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For this first-generation college student, “VSAC is very close to my heart”

Written by
VSAC Staff

April 17, 2020


Cassandra Bittner photo

Cassandra Bittner knows she overcame some tough odds to be able to go to college at all. Neither of her parents had gone to college; in fact, her mother never even finished high school. And in St. Albans, where she grew up, she was definitely not alone in that, a factor that made for some low expectations. According to Cassandra, “The unspoken culture of my town led most to believe we had an even smaller chance of getting into our dream college.”

Ironically, that statement was part of an essay assignment for a freshman-year communications class at her top school, Champlain College. Looking back at the highs and lows of her college admissions process, Cassandra says she gets a little emotional, “especially thinking about how much VSAC helped me get here. VSAC is very close to my heart.”

Cassandra, the oldest of four children in a blended family, was introduced to VSAC early in her senior year at Bellows Free Academy in St. Albans, when her graphic design teacher had students choose three colleges and explain why they wanted to go there. “My top choice was Champlain, and then I was told I wouldn't be able to go, purely because of finances, which is the heartbreaking thing, because I met all the other requirements.”

In fact, on a campus tour earlier that year, when Cassandra had an opportunity to have her portfolio looked at by the director of Champlain’s graphic design program, she received a glowing review. “The director said my work was among some of the best she'd seen,” Cassandra recalls. “She gave me her contact information, told me to tweak a handful of things, and to send it to her again once I’d made those corrections. She told me ‘I want you to come here.’”

But reality set in when her college counselor pointed out that Champlain’s tuition was $50,000 to $60,000 per year – something that was out of the question for Cassandra and her family. 

A first-generation college experience

“Then I got in touch with Ellen Wright, an outreach counselor from VSAC. When I told her I wouldn't be able to go to Champlain, Ellen told me I could definitely be going there. She explained that VSAC offers a lot of scholarships for first-generation students like myself.”

Cassandra applied for, and was awarded, the Vermont First Scholarship, which reduced her annual tuition from tens of thousands to just $2,000.

“As soon as I heard I could actually go to Champlain for that amount of money, I applied right away,” Cassandra said, using the Early Decision program, which requires accepted students to attend. “It was Champlain all the way,” she said.

Then, it was a matter of waiting for the letter to arrive in the mail – something VSAC also gave Cassandra an edge on, she recalls. “Ellen had put me in touch with Howie LeBlanco, the Assistant Director of Admissions at Champlain, early in the process, and I’d kept in close touch with him.”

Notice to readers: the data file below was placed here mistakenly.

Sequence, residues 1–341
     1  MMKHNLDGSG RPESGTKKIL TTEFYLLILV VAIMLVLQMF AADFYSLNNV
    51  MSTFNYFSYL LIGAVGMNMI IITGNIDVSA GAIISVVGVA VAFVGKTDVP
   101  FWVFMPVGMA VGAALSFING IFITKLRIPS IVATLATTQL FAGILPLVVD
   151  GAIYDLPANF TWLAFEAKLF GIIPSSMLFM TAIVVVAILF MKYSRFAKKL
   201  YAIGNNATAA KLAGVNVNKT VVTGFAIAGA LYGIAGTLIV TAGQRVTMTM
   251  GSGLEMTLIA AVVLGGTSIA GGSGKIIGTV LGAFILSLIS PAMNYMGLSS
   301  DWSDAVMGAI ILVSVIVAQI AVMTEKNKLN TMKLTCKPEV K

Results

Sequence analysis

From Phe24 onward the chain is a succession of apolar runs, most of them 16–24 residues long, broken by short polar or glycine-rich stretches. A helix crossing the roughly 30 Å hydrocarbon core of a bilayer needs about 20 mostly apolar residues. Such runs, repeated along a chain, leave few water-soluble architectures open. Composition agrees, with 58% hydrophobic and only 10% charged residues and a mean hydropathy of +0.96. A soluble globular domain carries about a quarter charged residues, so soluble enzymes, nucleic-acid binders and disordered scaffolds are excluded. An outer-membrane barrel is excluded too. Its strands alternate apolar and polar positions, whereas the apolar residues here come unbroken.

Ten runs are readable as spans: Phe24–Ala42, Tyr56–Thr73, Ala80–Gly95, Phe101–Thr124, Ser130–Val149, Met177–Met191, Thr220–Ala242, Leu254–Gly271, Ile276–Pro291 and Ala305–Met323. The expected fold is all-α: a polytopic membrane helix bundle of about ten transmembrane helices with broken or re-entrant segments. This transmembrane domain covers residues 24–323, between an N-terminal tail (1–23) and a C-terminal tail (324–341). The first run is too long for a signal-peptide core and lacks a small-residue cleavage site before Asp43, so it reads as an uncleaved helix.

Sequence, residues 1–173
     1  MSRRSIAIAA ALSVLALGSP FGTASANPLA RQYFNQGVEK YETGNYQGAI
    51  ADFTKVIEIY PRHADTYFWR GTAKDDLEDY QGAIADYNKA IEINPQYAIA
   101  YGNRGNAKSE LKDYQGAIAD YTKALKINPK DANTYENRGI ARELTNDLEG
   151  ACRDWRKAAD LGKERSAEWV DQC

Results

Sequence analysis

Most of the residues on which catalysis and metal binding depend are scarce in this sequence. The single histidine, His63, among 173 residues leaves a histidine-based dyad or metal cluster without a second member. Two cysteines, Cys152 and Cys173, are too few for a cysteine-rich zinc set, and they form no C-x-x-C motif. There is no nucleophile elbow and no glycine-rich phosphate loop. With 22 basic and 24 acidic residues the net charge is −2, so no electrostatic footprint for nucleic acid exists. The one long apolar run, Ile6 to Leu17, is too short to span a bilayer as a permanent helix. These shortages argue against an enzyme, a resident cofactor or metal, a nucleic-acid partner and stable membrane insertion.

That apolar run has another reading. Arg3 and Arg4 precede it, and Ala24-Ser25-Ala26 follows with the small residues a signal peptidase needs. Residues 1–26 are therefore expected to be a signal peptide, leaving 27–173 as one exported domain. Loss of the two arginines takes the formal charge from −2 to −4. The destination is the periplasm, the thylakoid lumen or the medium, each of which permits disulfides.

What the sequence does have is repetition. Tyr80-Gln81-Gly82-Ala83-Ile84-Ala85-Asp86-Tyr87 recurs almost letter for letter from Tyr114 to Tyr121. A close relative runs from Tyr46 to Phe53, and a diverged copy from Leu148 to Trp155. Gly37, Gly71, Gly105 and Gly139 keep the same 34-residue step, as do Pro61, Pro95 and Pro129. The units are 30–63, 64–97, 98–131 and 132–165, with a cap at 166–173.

One day, Cassandra got a call from him during class. “I remember, it was funny, I ran to my advisor’s room, ran into the closet, shut the door and answered the phone. He said, ‘First of all, I'd like to congratulate you on being accepted to Champlain College…’ and that’s when the emotions hit. I was tearing up, sitting there in the closet. He told me I should get the letter in the mail in a few days. I'm sure they don’t do that with everyone” – call with their acceptance notification – “so it felt like a special connection.”

The connection between Cassandra and Champlain is something others can see, too. “Every time my family visits me at school, they tell me, ‘this is your college. It couldn’t be a better fit. Even if it were halfway across the world, this is your college.”

Having the freedom to dream

Cassandra especially likes the freedom and independence that college affords. “You’re managing your time and learning to communicate just as you would as an adult,” she says. She also cites the example of her typography class, which is scheduled once a week and models a real work day. “You start around 8, it ends at 3, and you get about an hour for lunch. I like it because it's so realistic to how the job world is. I really like sitting down and doing what I'm going to do in the future for six hours, and getting used to that.”

As for what she might say to students now at BFA, Cassandra says, “If you’re comfortable with going straight into the workforce, go for it. But if you’re teetering on the idea of college, then go visit some campuses. And I cannot emphasize this enough – you should call VSAC. VSAC is really good about helping students figure out what’s best for them, giving them the best opportunities possible, and helping them make connections. A lot of kids can miss that, and just not know the right people.”

“College is amazing, and I am very thankful for VSAC for helping me get here,” she says.

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